Corporations Are Patenting Human Genes and Tissues -- Here's Why That's Terrifying
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We've seen this before when pharmaceutical companies, for example, provided sleeping sickness medication, Eflornithine. They provided it only on a short-term basis, for about five years, and then they left. Now the people who are at risk, and I think that's like 60 million people in sub-Saharan Africa, don't have access to that drug. So to me that's a cautionary tale because we need long-term solutions.
And there are other groups of researchers around the world who are also embracing a different non-corporate model. A man named Alan Edwards in Toronto put together a coalition of a lot of researchers. His strategy is one that has worked before for the government. He does not want their discoveries patented. So what they do is every day -- whatever they've been working on that day, whatever solution they come up with, whatever they've identified or characterized that could be medically important - they put it on the Internet. They make it public knowledge, which means it can't be patented.
So there are strategies that are now being embraced to work around corporate control of medical research.
BJ: How has the medical patent gold rush affected the accessibility of life-saving vaccines for widespread diseases?
HW: Well, simply because maximizing the profit on the patent is the focus, not curing the maximum number of people. Michael Kremer, a Harvard economist, put it best. He pointed out that during the period between 1975 and 1997, of the 1,233 new drugs the pharmaceutical industry devised, only four of them were drugs designed for people in the developing world.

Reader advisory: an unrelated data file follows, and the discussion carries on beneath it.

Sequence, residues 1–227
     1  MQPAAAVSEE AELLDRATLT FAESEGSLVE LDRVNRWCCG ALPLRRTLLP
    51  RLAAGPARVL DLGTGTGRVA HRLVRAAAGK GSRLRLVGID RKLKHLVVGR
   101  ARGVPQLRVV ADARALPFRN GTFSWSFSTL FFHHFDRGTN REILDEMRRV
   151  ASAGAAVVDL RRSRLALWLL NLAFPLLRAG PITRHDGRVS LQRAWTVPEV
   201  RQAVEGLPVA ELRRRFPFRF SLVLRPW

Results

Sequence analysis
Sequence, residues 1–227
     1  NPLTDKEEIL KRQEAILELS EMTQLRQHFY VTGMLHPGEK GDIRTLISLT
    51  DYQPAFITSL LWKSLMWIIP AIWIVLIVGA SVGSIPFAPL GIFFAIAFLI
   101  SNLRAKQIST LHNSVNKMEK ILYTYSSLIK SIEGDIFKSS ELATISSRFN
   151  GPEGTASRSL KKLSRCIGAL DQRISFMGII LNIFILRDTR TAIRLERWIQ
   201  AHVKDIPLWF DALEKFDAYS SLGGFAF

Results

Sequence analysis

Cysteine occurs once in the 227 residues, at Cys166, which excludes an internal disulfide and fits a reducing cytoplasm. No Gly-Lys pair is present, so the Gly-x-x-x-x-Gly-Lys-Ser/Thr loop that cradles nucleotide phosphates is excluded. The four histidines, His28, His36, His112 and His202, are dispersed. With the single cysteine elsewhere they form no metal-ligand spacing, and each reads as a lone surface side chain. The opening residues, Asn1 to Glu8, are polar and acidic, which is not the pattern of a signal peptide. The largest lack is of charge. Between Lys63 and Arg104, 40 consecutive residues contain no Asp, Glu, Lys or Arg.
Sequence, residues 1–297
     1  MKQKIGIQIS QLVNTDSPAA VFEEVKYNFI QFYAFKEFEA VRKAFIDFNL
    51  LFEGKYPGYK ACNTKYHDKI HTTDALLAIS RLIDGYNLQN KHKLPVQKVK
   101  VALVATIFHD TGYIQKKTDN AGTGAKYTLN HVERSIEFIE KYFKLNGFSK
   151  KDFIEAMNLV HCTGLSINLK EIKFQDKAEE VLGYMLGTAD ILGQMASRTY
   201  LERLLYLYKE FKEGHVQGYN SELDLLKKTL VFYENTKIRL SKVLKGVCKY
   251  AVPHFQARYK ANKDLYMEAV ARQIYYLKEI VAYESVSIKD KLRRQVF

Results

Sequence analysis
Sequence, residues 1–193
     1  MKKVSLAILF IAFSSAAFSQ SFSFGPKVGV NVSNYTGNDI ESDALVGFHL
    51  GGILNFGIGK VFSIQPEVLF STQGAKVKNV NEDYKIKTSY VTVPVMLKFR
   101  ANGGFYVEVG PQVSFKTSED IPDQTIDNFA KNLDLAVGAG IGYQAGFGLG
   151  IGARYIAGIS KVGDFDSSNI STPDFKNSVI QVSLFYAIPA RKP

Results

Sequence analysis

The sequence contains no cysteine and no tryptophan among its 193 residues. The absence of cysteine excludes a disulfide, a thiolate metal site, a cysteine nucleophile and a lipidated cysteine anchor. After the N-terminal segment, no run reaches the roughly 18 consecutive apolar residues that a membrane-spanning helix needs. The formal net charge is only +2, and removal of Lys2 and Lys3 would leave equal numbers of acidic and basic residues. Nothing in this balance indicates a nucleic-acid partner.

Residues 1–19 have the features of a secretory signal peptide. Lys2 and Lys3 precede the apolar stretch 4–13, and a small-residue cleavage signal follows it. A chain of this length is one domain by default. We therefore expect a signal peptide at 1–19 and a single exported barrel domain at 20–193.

The bottom line is that, although it's possible to devise vaccines that will save the lives of people in the developing world, it's not done because people there cannot pay the inflated prices a corporation charges. So they ignored these people in the developing world.
And as I point out in the case of African sleeping sickness, where Eflornithine was found affective against it, people in areas affected by African sleeping sickness cannot afford to pay high prices for drugs. So after that couple of years where they provided it for free, they stopped making it for African sleeping sickness and the exact same molecule, this Eflornithine, is now the active component in Vaniqa, which is used in the West to help women rid their faces of unwanted hair. So women pay $50 a month for Vaniqa, but people in the developing world can't pay that $50 a month to keep themselves alive, to protect themselves against sleeping sickness.
BJ: In your book, you cite a 2009 study from the New England Journal of Medicine, which found that one-third of U.S. clinical trials are conducted abroad, mostly in developing countries, where drugs can be tested more cheaply. Can you discuss the inequity of the fact that most of the test subjects partaking in these trials -- on which corporations are saving millions to perform there -- will either never be able to afford, or have a need for, the drugs being tested on them?
HW: Usually both. But even in the cases where it's a drug, as you say, that could help them, it's not going to help them because they're going to be charged the same high prices as people in the West. And knowing they can't afford it, they don't even provide it to people in that country.
What I find fascinating is that if you think about it, these people in the developing world are providing opportunity to conduct clinical trials that are a lot cheaper and a lot faster for these corporations. Corporations would have to pay a lot more money if they conducted those trials in the developed world. And so actually we're the ones in their debt.